Original Title: LA 92
Director: Daniel Lindsay & T.J. Martin
The L.A. Riots, 1992
Following the review of All Eyez on Me, that show the police brutality and racial tension from the 70’s, 80’s and 90’s, I think this review would be at the right moment.
This one going to be brief, but it is going to be the first (and not the last) review of a Documentary.
This powerful documentary starts by showing us footage, interviews, and news about the previous riot in the Los Angeles area, The Watts Riots from 1965.
From there we fast forward seeing the continuous racial segregation and police brutality towards minority groups, especially black. That includes the videotaped beating of Rodney King and the murder of the 15-year-old Latasha Harlins.
Latasha was shot in the back of the head following an altercation with a Korean owner of a convenience store. The jury found the store owner, Soon Ja Du, guilty and recommended the maximum sentence. The disgusting Judge Joyce Karlin, thinking it is okay to kill black kids, just gave her probation and a 500 dollars fine.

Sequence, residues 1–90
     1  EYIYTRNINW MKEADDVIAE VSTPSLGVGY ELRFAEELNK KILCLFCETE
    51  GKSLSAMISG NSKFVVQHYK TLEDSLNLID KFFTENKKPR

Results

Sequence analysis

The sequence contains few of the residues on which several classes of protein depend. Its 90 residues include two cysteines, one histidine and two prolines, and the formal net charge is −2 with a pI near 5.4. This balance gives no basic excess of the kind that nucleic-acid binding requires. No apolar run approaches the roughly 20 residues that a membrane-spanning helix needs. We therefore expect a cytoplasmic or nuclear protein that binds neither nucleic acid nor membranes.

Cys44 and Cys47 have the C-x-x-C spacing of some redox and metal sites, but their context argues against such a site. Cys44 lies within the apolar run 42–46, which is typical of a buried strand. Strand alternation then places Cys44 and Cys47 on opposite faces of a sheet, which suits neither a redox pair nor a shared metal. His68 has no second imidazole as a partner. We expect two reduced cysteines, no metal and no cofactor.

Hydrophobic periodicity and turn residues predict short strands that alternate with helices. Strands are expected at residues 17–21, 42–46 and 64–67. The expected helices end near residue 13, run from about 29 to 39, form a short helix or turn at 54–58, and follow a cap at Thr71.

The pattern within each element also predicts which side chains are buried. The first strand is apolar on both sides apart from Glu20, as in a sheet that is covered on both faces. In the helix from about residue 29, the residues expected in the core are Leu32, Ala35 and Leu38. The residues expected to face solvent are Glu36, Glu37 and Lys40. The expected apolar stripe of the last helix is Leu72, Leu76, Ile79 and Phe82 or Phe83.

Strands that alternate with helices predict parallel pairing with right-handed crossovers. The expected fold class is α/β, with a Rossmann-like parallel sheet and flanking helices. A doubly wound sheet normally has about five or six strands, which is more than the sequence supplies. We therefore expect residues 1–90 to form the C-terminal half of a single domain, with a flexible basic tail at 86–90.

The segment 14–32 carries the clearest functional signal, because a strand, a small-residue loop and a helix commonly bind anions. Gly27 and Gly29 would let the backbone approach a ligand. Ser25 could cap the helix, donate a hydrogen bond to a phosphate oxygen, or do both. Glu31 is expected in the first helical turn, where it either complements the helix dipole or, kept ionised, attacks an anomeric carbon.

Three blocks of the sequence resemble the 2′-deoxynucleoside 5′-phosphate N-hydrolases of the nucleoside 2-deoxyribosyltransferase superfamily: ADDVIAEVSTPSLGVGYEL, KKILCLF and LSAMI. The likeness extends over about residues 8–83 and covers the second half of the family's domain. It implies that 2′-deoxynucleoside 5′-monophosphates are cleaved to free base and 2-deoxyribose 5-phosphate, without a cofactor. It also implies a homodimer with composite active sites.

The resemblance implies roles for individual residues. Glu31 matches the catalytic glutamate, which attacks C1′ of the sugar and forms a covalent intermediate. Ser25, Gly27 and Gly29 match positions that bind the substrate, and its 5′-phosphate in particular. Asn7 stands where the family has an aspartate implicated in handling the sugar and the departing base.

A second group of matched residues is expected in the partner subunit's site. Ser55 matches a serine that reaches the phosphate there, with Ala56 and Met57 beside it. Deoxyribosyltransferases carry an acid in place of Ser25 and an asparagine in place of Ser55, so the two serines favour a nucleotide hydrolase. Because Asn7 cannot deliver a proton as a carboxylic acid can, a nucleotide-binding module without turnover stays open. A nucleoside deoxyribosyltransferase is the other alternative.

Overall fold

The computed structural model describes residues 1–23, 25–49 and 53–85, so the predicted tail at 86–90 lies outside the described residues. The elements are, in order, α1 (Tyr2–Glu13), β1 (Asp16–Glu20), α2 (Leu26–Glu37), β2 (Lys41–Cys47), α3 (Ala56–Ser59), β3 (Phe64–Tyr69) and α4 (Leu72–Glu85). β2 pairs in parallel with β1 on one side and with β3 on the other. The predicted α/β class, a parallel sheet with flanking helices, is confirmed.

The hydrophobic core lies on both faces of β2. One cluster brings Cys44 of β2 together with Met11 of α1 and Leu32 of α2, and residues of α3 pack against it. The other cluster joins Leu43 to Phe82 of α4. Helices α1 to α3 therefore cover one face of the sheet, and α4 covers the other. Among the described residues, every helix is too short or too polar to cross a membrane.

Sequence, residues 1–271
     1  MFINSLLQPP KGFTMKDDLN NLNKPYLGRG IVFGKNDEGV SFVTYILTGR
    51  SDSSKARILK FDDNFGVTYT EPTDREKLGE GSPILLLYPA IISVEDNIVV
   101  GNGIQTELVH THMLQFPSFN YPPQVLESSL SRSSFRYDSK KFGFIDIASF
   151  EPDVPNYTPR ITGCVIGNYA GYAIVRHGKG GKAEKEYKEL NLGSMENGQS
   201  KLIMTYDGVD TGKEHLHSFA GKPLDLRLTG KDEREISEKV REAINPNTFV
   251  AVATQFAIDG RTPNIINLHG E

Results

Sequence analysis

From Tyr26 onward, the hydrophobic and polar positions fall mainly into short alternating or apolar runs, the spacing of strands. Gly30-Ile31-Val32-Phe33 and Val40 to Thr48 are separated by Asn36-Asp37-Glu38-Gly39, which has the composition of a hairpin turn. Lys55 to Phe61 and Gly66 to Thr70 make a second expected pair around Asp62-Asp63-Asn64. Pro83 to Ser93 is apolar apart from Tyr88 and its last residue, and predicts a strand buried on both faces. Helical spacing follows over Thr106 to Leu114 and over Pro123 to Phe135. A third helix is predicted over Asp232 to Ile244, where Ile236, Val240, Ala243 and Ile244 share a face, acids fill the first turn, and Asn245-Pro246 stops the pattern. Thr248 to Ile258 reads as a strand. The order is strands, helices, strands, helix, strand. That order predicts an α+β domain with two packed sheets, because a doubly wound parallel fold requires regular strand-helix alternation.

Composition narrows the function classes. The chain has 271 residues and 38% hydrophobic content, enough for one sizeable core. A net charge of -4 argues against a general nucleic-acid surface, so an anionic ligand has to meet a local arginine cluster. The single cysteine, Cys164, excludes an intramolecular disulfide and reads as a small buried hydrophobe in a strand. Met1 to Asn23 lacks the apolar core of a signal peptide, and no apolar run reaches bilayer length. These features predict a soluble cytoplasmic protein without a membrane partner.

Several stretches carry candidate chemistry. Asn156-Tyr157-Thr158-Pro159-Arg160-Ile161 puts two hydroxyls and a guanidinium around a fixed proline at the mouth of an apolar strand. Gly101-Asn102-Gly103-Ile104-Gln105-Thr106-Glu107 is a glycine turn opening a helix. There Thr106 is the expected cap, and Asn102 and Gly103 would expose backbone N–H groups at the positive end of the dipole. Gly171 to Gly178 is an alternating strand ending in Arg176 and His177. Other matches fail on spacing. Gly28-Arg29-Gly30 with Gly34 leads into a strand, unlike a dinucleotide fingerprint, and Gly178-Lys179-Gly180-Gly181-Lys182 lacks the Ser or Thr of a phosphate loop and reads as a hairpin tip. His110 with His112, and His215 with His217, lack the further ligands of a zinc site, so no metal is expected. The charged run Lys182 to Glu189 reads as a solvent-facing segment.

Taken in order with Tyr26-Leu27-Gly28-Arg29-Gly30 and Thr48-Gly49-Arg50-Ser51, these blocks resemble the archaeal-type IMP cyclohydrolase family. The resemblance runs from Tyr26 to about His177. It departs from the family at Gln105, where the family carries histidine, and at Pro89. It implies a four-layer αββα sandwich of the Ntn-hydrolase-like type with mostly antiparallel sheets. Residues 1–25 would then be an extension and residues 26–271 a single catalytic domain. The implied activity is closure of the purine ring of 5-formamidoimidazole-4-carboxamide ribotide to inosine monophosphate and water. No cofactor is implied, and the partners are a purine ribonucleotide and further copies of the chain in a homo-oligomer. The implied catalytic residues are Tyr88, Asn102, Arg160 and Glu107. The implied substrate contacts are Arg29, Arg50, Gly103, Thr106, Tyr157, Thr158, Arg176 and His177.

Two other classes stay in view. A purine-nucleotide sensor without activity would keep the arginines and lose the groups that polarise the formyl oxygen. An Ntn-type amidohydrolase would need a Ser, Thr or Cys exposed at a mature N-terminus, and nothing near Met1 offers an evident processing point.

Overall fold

Two weeks before, four members of the LAPD cowardly beat the taxi driver Rodney King. The event, caught on tape, was not enough for the jury and the four were found not guilty. The case remains one of the most famous cases of miscarried justice in the US.
The day-to-day beatings and humiliations, in addition to these two events, culminated with the violent riot.
The documentary shows us all of it. The repercussion, how the press reported what was unfolding and a lot of footage ‘in loco’. The tension between part of the black community and the Korean community, the LAPD inability to act, the actions of the National Guard and etcetera.
We also see many groups trying to make peaceful statements and the unity of the various races that live in the city. Rodney King himself asking for the end of violence and saying “can’t we all just get along?!”.
After all the turmoil was calming down, we get back to see all the images of 1992 with the audio of 1965, tracing the parallel between ’65, ’92 and even now, questioning that the next riot might be a question of time.
LA 92 is a raw documentary, showing real footage, people dying, people killing, buildings burning, people trying to defend themselves and their property. We see injustice from both police and from the common people that direct their hate towards the wrong individuals.
Even knowing about the events, much of the footage was new to me and I never get used to and desensitized by the murder of Latasha Harlins and beatings of Rodney King.
9 Moons and more pictures below.
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